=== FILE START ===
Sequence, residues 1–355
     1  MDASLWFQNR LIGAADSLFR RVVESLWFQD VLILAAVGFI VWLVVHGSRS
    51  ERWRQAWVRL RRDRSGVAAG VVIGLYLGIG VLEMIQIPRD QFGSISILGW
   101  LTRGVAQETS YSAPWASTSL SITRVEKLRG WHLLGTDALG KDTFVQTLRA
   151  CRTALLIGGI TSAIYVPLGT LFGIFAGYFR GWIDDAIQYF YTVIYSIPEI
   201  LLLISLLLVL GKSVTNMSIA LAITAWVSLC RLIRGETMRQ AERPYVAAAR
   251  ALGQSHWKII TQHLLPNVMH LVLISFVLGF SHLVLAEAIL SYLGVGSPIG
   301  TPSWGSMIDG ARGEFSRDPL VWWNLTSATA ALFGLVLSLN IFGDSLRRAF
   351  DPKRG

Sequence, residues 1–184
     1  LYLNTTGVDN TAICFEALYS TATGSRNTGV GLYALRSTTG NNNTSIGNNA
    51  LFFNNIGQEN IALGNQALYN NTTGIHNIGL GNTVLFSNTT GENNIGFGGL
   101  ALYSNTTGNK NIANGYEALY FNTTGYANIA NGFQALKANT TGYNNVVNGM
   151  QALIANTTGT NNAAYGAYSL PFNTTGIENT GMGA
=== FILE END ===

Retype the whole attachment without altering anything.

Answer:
Sequence, residues 1–355
     1  MDASLWFQNR LIGAADSLFR RVVESLWFQD VLILAAVGFI VWLVVHGSRS
    51  ERWRQAWVRL RRDRSGVAAG VVIGLYLGIG VLEMIQIPRD QFGSISILGW
   101  LTRGVAQETS YSAPWASTSL SITRVEKLRG WHLLGTDALG KDTFVQTLRA
   151  CRTALLIGGI TSAIYVPLGT LFGIFAGYFR GWIDDAIQYF YTVIYSIPEI
   201  LLLISLLLVL GKSVTNMSIA LAITAWVSLC RLIRGETMRQ AERPYVAAAR
   251  ALGQSHWKII TQHLLPNVMH LVLISFVLGF SHLVLAEAIL SYLGVGSPIG
   301  TPSWGSMIDG ARGEFSRDPL VWWNLTSATA ALFGLVLSLN IFGDSLRRAF
   351  DPKRG

Sequence, residues 1–184
     1  LYLNTTGVDN TAICFEALYS TATGSRNTGV GLYALRSTTG NNNTSIGNNA
    51  LFFNNIGQEN IALGNQALYN NTTGIHNIGL GNTVLFSNTT GENNIGFGGL
   101  ALYSNTTGNK NIANGYEALY FNTTGYANIA NGFQALKANT TGYNNVVNGM
   151  QALIANTTGT NNAAYGAYSL PFNTTGIENT GMGA